The 18th and 19th centuries saw many visits from British artists to India. They travelled everywhere and stayed with royal families. Before the lithographic press was invented, artists collaborated with engravers and woodcutters to get portraits engraved and then printed.
This is an engraving of a portrait of Prince Fakhr-ud Din Mirza, the eldest son of Bahadur Shah II, King of Delhi. He is seated here with attendants, who are holding the mohrchull or peacock fans, painted in February 1856, probably in Delhi. The prince passed away only five months later, on July 10, 1856. William Carpenter was the eldest son of esteemed portrait painter Margaret Sarah Carpenter and William Hookham Carpenter, who was the Keeper of Prints and Drawings Department at the British Museum.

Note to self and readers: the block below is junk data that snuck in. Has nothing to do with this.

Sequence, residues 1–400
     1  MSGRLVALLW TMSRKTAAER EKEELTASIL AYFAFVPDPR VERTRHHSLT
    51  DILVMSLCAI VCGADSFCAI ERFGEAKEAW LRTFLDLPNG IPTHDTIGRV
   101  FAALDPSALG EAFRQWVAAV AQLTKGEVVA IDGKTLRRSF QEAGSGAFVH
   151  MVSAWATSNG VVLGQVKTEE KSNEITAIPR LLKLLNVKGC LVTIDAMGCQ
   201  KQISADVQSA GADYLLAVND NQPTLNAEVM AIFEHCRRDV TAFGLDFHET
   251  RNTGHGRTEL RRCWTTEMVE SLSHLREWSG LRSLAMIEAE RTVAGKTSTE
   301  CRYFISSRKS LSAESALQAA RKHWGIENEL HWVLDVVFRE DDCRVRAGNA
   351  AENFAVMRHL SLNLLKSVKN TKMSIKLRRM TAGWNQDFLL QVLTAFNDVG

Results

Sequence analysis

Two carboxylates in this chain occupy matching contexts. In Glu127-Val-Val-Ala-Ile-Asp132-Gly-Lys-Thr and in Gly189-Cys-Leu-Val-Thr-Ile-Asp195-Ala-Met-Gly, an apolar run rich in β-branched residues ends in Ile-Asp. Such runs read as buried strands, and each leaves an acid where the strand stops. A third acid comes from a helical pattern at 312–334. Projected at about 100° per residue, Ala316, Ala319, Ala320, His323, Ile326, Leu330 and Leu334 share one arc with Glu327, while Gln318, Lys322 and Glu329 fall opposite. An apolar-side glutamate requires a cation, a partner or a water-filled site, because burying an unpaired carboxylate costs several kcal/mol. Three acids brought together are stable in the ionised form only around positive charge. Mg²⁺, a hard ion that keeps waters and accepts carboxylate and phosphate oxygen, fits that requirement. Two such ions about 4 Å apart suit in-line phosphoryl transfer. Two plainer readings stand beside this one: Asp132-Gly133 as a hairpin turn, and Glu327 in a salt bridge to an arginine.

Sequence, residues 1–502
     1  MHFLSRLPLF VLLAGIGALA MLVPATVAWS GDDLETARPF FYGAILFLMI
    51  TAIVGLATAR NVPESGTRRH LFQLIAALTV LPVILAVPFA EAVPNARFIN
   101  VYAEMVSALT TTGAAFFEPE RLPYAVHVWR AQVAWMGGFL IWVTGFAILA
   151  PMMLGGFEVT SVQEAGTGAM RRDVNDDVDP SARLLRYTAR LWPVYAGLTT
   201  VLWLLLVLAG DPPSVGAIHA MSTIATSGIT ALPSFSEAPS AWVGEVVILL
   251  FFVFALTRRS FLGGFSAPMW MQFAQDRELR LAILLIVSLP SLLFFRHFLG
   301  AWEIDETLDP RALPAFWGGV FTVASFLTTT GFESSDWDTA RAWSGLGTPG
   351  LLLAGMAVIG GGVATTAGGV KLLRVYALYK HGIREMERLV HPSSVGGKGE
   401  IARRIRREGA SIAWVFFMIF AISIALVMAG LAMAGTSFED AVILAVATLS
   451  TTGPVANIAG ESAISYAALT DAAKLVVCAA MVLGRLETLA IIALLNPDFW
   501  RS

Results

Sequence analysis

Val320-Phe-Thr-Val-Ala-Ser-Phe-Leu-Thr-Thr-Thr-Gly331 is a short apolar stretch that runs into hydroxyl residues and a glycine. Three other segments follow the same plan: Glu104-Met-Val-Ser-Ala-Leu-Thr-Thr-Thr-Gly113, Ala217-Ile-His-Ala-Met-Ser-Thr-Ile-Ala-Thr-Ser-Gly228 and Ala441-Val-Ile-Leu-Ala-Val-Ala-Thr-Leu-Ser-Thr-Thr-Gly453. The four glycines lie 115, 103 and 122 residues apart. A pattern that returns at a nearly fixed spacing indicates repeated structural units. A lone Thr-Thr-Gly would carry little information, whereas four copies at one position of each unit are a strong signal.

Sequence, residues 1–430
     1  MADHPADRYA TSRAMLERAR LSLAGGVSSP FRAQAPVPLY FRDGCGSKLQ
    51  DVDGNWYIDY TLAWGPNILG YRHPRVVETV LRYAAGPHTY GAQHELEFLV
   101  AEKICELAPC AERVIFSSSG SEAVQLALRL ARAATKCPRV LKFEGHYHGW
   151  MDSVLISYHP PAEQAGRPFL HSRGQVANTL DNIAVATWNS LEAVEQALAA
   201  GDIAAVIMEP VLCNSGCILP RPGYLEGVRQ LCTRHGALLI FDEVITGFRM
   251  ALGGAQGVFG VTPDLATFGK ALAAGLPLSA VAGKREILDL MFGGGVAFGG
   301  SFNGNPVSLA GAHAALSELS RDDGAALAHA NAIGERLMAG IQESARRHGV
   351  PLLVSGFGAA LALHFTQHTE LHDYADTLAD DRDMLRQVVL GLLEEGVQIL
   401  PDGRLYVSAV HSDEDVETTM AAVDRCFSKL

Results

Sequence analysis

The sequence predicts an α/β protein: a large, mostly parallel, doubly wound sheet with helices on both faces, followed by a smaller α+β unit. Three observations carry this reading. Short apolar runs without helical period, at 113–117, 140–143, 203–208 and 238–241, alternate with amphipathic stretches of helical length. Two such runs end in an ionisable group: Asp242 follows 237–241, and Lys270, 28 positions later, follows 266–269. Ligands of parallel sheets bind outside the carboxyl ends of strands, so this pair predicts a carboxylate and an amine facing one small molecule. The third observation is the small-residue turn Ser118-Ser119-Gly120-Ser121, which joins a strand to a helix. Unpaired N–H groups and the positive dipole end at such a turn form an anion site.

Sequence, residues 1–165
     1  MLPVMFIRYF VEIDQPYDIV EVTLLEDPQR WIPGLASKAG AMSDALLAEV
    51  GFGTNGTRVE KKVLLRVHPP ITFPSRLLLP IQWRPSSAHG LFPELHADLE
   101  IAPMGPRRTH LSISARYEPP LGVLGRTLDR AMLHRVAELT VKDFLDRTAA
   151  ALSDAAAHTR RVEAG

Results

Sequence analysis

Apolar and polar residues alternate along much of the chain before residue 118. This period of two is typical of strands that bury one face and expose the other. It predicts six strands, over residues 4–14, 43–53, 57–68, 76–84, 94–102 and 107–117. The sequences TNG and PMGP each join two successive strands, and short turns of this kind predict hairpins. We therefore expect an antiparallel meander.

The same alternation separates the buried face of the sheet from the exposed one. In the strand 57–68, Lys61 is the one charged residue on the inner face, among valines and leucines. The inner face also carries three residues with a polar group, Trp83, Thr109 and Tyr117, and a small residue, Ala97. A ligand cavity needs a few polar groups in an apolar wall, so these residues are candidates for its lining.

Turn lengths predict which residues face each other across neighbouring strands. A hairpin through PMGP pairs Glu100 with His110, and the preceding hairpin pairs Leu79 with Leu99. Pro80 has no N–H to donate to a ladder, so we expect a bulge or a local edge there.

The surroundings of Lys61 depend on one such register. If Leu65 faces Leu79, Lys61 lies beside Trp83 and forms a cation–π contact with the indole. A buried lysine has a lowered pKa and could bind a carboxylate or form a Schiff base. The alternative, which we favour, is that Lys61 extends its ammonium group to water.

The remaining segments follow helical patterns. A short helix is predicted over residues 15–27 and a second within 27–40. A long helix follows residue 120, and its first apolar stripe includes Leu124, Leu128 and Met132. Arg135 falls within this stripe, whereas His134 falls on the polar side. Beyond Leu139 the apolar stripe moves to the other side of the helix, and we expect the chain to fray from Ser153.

In early 1850, he arrived in Bombay after following the example of his younger brother Percy, who was also an artist. He painted many portraits of local rulers and of the countryside, often dressed in Indian clothing himself. He travelled from Sri Lanka all the way to Kashmir and spent time in Punjab and Afghanistan and then moved to Rajasthan. He probably moved back to London, England in 1856 after living in Boston, USA for 10 years. He died in London in 1899. From a look at Carpenter’s Indian pictures, one can glean his interest in costume, agriculture, and everyday life of the locals.
TitlePrince Fakhr-ud Din Mirza of Delhi attended by hisTreasurer and Physician
PublisherLondon Illustrated News
DimensionsH: 35.7 cm x W: 24.7 cm
Genre: Etchings & Engravings